Let the beads do the talking



Hlengiwe Dube is not only one of South Africa’s most accomplished bead artists, she is also responsible for much of the vibrant craft that emerges from KwaZulu-Natal, thanks to her work with the African Craft Centre. Finally, she has been able to distil her considerable knowledge of beadwork with this new publication. Zulu Beadwork: Talk with Beads promises not only to contain images of great work, but also decode the complex language of beads themselves. Here’s a blurb from the publisher:

Most of the studies of African art available in this country have been written by outsiders. And, while these accounts can be informative, there is a level of understanding that only an insider can provide. For this reason, Africa Direct is proud to present Zulu Beadwork: Talk with Beads. Its author, Hlengiwe Dube, is a Zulu woman raised in a traditional family. She has been director of the African Art Centre in Durban, South Africa, for many years. Her relationship with Zulu beadwork is direct and personal, much of it drawn from her own experience or stories passed down by her mother and grandmother. In Zulu Beadwork: Talk with Beads, she makes her expertise available to readers everywhere. In an engaging, conversational style, she talks about the “unspoken words” of traditional beadwork designs. Each color of bead, and each combination of colors, creates a different message. From the white beads that assure a lover, “Whenever I see you my heart goes white as the milk of cattle when they are milked in the morning,” to the green beads that proclaim, “I am going to wait for my husband as he works in Johannesburg,” Hlengiwe Dube leads us through the fascinating complexities of beadwork messages. Illustrated throughout with beautiful color photographs and including chapters on historical and regional trends, Zulu Beadwork: Talk with Beads is a must-read for anyone interested in learning about African art from the people who create it.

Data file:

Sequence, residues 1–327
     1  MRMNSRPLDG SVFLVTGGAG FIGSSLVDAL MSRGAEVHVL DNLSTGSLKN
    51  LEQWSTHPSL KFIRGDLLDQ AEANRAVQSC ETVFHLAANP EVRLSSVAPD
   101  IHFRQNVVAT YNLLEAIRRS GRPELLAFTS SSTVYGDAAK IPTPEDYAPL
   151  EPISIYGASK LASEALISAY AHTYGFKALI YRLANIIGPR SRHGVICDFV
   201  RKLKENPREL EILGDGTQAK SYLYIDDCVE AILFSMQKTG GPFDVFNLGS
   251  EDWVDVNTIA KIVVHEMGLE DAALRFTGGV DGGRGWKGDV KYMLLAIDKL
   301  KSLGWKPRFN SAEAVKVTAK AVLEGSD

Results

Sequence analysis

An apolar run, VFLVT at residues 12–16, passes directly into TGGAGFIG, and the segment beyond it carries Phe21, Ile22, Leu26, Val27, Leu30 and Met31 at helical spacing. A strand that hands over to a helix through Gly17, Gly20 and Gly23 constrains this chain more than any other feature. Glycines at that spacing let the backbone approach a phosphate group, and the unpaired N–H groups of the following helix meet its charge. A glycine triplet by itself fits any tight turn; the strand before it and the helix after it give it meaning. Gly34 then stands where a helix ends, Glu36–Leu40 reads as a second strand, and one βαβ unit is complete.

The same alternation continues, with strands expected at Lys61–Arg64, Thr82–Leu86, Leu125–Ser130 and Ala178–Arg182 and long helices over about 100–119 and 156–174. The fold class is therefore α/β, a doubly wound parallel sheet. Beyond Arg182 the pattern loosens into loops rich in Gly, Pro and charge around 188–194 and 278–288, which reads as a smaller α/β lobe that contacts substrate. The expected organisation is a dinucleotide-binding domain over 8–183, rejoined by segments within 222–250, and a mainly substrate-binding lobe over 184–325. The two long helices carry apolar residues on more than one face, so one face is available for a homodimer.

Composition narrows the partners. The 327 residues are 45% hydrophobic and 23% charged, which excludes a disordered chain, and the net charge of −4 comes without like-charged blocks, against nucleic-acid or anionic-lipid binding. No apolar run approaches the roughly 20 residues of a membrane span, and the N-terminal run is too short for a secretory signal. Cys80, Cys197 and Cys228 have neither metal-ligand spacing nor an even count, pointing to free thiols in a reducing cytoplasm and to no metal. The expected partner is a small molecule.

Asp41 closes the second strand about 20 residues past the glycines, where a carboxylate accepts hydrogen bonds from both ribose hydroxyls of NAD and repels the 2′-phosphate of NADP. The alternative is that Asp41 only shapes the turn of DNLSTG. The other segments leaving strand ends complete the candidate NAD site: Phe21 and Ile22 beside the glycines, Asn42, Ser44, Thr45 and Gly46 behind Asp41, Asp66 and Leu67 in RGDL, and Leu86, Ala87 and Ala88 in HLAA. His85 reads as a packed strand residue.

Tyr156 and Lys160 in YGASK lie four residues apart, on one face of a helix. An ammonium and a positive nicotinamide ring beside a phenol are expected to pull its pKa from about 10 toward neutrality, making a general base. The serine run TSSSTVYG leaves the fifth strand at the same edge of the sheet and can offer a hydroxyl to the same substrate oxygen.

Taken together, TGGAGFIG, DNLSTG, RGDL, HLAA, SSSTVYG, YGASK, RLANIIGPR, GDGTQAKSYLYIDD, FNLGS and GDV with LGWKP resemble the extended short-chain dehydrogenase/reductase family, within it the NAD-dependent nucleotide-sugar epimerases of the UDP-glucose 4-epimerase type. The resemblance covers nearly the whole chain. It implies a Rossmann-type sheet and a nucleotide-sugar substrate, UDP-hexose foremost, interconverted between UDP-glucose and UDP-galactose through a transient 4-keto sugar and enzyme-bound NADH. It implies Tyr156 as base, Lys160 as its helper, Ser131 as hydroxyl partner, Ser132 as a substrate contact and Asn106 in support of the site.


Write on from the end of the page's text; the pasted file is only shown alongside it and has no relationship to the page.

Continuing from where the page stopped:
2 thoughts on “Let the beads do the talking”

  1. “Most of the studies of African art available in this country have been written by outsiders.”
    How true! Last night I found a site filled with beautiful paintings of African woman done by an Australian artist who’s never been to Africa… tonight I find out about South African beads form another Australian!

    It’s about time us South Africans started to tell the rest of the world about our art and our culture! Brace yourselves world…

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